You have a long history in voice work, right?
Pretty much.  When I got into this business I financed this habit by doing commercials.  I was never big for the on-camera commercials – nor were they big on hiring me.  But I did voice-overs, and I’ve been lucky.

Can you do THE voice-over for us?
Uh, no.  I do Microsoft now.

Okay, let’s hear it.
‘Microsoft.’

Wow, that’s great (sarcastic).  And I’m sure they pay for that.
They pay me very well for that.  I did Secret deodorant, too.

That’s the one I wanted to hear!
‘Secret:  strong enough for a man …’ then some broad says, ‘But made for a woman.’

Some broad?
Some broad, yeah.  No, I didn’t do the second part.  That paid for New York.  When I moved to New York from Chicago, that paid for the first three or four years.

Wow.  So when you do them, do you find that you’re asked to do ‘a’ voice or ‘your’ voice?
Uh, both.  Ummm, on the animation, usually there’s something on it.  Like Lefty, in ["Everyone's Hero"], has a Chicago, fast-talking urban voice.  Voice-overs for commercials, usually it’s you.  It’s either the bright you or the sexy you or the quiet you or the intelligent you, but it’s you.

Which one is closest to you?
Well, I’m a very sexy guy.

You’ve got a role in the upcoming independent feature film, “Bobby” [written and directed by Emilio Estevez]. Who do you play in that?
The hotel manager.  I’ve got the part that … I haven’t seen it, actually, but I go all the way through the thing and I think Emilio used me as a thread to take it through.  It’s got a cast of thousands. Every night we shot it, it was like a Screen Actors Guild meeting.  You looked at the call sheet and wondered who was on that day.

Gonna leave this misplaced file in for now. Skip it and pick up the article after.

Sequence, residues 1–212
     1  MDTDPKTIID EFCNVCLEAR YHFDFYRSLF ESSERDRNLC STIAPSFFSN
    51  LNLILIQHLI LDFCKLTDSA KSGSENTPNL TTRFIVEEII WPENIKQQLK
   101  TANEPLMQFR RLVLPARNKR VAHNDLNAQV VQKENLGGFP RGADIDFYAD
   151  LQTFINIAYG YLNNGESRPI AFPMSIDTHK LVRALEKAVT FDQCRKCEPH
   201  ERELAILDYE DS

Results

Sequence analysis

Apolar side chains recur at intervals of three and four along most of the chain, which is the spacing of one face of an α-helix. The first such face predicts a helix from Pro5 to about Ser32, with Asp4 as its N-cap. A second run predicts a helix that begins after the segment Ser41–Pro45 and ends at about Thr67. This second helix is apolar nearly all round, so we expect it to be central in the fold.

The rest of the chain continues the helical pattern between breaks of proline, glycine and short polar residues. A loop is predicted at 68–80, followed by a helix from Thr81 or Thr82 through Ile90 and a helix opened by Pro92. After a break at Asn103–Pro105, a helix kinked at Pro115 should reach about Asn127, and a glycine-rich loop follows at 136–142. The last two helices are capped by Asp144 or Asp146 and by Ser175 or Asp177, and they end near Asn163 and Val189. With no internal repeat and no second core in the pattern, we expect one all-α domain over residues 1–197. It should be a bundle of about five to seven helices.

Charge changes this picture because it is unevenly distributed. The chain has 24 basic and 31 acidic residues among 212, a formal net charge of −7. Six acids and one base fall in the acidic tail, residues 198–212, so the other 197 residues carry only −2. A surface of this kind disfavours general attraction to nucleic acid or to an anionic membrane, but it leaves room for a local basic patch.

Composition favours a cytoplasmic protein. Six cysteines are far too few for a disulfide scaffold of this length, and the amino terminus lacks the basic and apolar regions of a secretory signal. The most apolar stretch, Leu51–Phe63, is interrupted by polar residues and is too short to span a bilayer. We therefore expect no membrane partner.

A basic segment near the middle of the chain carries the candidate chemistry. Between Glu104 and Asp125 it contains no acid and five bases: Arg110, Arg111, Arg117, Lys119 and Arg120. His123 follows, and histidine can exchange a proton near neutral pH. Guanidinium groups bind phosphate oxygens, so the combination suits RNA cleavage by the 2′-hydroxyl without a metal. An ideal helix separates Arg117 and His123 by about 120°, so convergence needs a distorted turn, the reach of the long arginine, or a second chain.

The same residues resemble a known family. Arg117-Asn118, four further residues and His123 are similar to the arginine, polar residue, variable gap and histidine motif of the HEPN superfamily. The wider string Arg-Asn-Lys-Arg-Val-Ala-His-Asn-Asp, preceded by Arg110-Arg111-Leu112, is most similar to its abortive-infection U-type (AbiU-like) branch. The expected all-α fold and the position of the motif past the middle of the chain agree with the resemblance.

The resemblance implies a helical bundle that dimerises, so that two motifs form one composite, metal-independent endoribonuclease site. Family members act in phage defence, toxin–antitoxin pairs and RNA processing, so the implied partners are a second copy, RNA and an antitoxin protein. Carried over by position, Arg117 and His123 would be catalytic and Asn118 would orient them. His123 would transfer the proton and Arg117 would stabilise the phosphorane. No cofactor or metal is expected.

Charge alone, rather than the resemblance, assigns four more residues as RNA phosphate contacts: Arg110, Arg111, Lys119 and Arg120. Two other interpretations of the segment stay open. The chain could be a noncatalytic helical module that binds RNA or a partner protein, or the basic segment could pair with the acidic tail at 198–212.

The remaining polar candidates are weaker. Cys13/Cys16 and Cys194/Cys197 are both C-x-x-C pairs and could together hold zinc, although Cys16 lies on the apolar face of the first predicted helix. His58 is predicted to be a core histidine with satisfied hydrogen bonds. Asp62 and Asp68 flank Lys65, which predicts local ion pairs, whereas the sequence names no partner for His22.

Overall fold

Who do you have scenes with?
Christian Slater – I have a bunch of scenes where … pretty much everyone.

Sharon Stone?
Sharon played my wife. She gives me a haircut.

What was that like?
That was, that was … umm … that was an experience.

You have to elaborate.
No … oh, and Anthony Hopkins. That’s pretty much why I’m in the movie.  They said, 'There’s a scene with Anthony Hopkins and …’ and I said, 'Fine!'  I truly loved that.

Did he live up to your expectations?
Yes, he did.  He’s a complete gentleman – really smart, really funny, so generous.  Oh, I’d love to act with him again.

Really?
He’s one of those guys who makes it look easy.  I’ve always thought, when you act really, really well, that sometimes, you as the actor think, ‘That can’t be it.  All I did was tell him he was a selfish b-----d.  I mean, that scene – there’s gotta be more than that.’  And so often, it isn’t more than that.  That’s it.  You did it.  Go home.  You’re finished.  And he’s one of those actors who makes it look so off-the-cuff and so simple. And yet, when you see the film, it’s full and it’s all that’s required.

Did you have any scenes with Lindsay Lohan?
One scene.  One scene.

Was it hard?  She’s working with your wife, too, right? [on the set of “Georgia Rule”]
She’s completely charming.  Felicity said she’s a huge talent – that girl can act.  Ummm.

But?
Uh, you can’t show up late.  It’s very disrespectful.  I think what an actor has to realize is when you show up an hour late, 150 people have been scrambling to cover for you.  And there is not an apology big enough in the world to make 150 people scramble.  It’s inexcusable.  It’s nothing but disrespect.  And Lindsay Lohan is not the only one.  A lot of actors show up late – as if they’re God’s gift to the film.  And it’s inexcusable, and they should have their a---s kicked.